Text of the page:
It does all of this with a companion gadget called a Go Stick, which is essentially a specialized cellular modem. It uses 2G wireless—an older, cheaper form of connectivity that works well for small amounts of data. (The Bia doesn't need a fast 4G connection to just transmit run data or send a text.) Right now, the emergency-text and upload features are included as part of the price, though Bia says it may charge for more connectivity features in the future.

Another interesting example of a smartphone-free device is the Whistle activity tracker for dogs. While you use your phone to configure it, the Whistle thereafter independently connects to Wi-Fi networks to report your dog's walking and playing time. The forthcoming WhistleGPS, due out next year, will actually track your dog's location through a new kind of low-cost wireless network known as "sub-Gigahertz" technology. 

Of course, we'll still use smartphones in conjunction with these devices. You'll review Bia workouts using a MapMyFitness app on your phone. Whistle has a companion smartphone app that lets you see your dog's activity. For data display and device configuration, smartphones will remain the remote control for our digital lives.

Among general-purpose devices, the Pebble smartwatch is the one to beat. While Apple and Google will want to keep phones at the center of things, Pebble has no smartphone business to protect. Right now, the device may depend on a smartphone, but Pebble CEO Eric Migicovsky told me he hopes the watch itself will become a hub for other wearables. Or just take over their functions: Pebble now offers new fitness-tracking software from the fitness-device maker Misfit that essentially duplicates its standalone Shine wearable on the Pebble.

The end result of this move toward independence is that won't need to spend as much time syncing, twiddling, and troubleshooting device-to-phone connections. Right now, there's a lot of finger-pointing between app designers, device makers, and smartphone platforms when things go wrong—as they too often do.

When devices have their own Internet connection, it's easier for their manufacturers to take full responsibility for how they perform, from gathering data to transmitting it to servers to sharing it with other apps. We'll require new networks, new components, and new thinking—but independence is coming.

What Not To (Android) Wear: One Woman’s Search For Smartwatch Bliss

Thu, 07/03/2014 - 10:05



I have a confession: My name is Adriana, and I’m addicted to arm notifications.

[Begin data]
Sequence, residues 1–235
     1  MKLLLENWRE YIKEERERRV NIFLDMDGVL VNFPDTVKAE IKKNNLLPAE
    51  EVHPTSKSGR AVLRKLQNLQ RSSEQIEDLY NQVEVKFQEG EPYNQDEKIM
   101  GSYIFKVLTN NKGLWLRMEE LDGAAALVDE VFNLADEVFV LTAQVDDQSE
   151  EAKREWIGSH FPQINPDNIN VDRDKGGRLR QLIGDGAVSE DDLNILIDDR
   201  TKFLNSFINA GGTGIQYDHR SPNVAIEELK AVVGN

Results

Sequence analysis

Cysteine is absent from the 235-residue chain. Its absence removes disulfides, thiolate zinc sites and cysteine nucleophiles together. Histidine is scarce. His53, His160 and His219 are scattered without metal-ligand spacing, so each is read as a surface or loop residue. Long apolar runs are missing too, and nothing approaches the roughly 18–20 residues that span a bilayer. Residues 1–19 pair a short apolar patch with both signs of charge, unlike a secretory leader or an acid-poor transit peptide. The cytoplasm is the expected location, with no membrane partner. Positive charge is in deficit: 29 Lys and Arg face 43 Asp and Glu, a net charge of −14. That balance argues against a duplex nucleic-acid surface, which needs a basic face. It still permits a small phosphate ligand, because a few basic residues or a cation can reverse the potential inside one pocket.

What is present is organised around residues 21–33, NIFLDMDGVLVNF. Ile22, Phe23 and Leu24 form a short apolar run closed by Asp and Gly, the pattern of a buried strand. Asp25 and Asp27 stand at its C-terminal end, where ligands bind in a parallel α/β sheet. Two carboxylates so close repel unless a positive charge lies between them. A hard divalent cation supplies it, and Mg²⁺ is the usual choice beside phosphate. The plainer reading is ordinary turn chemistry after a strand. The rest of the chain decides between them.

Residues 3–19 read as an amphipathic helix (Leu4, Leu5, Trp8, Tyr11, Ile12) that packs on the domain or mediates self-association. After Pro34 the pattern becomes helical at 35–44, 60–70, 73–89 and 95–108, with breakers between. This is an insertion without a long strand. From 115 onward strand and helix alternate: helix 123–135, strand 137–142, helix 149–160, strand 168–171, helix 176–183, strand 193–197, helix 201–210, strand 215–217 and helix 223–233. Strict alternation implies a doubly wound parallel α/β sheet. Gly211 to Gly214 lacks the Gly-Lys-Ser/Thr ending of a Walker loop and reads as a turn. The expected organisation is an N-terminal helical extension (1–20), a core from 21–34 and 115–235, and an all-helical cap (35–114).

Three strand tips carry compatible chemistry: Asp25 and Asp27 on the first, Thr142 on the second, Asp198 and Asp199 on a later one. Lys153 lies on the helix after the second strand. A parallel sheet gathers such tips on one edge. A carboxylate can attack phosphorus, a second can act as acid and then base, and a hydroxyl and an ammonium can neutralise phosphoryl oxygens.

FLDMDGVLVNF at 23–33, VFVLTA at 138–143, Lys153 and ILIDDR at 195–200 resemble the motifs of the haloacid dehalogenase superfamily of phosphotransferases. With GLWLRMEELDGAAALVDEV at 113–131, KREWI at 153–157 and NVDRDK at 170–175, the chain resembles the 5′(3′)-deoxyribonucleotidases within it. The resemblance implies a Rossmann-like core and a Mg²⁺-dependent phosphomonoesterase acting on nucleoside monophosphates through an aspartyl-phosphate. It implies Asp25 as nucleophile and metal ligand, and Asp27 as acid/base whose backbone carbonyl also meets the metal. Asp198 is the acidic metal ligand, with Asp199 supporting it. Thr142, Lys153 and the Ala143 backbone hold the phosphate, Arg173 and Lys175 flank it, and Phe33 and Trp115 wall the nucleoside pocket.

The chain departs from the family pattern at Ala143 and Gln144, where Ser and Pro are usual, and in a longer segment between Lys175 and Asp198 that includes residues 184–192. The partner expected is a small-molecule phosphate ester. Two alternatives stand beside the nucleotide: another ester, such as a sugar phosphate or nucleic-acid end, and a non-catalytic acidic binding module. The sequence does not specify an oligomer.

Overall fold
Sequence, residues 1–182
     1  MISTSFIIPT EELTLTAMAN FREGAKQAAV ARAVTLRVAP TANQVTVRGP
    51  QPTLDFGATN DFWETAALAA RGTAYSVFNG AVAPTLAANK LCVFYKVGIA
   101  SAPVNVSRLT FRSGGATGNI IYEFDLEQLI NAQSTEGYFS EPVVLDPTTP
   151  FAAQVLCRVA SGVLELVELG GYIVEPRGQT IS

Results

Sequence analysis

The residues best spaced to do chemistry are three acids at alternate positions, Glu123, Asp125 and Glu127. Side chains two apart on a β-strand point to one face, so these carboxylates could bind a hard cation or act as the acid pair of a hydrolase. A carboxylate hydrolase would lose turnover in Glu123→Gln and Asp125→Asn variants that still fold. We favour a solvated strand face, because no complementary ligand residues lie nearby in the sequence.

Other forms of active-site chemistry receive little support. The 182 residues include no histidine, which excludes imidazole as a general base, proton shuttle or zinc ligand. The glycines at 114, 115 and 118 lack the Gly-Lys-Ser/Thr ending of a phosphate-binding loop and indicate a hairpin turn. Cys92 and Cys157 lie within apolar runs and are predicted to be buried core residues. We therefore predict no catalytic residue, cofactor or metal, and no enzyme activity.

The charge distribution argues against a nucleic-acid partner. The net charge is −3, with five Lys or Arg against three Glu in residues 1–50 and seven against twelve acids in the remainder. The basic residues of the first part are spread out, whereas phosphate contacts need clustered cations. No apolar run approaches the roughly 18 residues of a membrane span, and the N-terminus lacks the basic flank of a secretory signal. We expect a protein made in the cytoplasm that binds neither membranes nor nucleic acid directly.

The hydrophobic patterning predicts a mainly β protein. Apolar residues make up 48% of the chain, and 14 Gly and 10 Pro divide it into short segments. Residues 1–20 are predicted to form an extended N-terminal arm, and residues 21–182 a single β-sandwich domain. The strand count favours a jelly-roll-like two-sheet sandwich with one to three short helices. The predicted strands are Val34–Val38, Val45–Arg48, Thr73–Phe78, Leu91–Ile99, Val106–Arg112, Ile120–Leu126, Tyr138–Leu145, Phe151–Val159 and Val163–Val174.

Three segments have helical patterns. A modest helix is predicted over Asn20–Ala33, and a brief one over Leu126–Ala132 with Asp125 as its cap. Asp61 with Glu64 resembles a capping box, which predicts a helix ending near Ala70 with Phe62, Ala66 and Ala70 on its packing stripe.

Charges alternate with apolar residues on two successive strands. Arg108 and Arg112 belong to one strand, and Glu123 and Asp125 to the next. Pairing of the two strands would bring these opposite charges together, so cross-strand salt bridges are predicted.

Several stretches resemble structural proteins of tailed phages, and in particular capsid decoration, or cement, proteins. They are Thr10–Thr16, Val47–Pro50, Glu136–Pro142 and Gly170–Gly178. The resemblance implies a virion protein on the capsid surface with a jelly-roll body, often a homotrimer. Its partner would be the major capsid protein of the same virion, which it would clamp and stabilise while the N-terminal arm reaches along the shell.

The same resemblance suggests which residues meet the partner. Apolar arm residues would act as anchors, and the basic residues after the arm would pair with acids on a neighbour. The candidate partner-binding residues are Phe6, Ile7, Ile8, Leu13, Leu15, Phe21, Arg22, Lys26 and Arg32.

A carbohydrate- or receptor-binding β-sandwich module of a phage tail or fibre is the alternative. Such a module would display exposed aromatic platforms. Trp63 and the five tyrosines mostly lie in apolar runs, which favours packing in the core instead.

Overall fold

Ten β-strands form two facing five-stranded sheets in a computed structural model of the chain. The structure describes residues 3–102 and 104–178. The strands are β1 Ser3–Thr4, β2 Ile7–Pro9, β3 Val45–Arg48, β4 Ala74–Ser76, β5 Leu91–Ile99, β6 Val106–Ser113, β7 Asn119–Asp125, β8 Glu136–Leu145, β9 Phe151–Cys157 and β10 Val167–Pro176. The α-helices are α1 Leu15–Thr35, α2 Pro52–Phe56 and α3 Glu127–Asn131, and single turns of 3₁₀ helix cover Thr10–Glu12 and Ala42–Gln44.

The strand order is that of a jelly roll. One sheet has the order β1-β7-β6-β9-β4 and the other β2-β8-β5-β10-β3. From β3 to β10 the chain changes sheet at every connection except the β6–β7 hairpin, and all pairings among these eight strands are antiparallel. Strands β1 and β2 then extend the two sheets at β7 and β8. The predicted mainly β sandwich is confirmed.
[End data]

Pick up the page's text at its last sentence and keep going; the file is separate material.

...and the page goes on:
When I began checking out smartwatches last year, I didn’t realize how dependent I’d become on having alerts piped to my wrist. Now I’m obsessed with finding just the right device to deliver them.

The LG G smartwatch, powered by Android Wear

This is a tricky mission. I’ve had a Pebble smartwatch strapped to me for several months. Now I’m running around with the LG G Watch, the first Android Wear device to hit the market. In between, I’ve peeked at numerous other contenders vying for the valuable real estate on my arm. 

The current crop's giant offerings tend to elicit two responses: Curiosity from male onlookers, and weird looks from female friends that seem to come with an unspoken hashtag: #JustNo.

The gadgets offer different features to satisfy various needs, but none can give me the one thing I really want: an attractive, functional device that doesn’t look ridiculous on my delicate lady wrists.

In other words, I am screwed.

Looking ... Smart?

Smartwatches aren’t a mainstream movement yet, but that could be about to change drastically. And soon.

This year alone, the global wearable technology market is projected to garner $5.26 billion. In the next four years, it’s expected to hit $9.2 billion, with smartwatches very likely to lead the way.

Tech companies are jumping on this bandwagon in droves. Android Wear devices are just the most recent options capping a long list, including offerings from Sony, Pebble, Martian, and many more. Each one tries to differentiate itself. And yet, most just wind up looking like some variation of these: 

Really? Come on now. These are massive. (Samsung Gear Live, left; Pebble Steel, middle; LG G, right)

To be fair, the $229 LG G Watch offers stock watch faces that are attractive, even fun. But at the end of the day, it’s a black slab on a rubber strap. The flattened box looks downright comical on a smaller arm like mine—way too basic to even work as a “boyfriend watch” (an oversized women's timepiece that takes cues from men's watches). 

Well, at least the wrist strap is a standard 22 mm size, so that rubber can hit the road. And yes, it is rubber, black-grey that is not attractive or unattractive, but certainly not a stylish leather or metal band that could enhance its cool quotient.  

Style in general has become an important issue for wearables. (Oh, please—we wear them on our bodies. Of course we want them to look good.) Even your choice of smartphone is a fashion statement these days. For wearables, women’s fashion may be even more crucial. Analyst firm NPD Group believes women will fuel the wearables market, with more than half of prospective buyers skewing female, at 58%.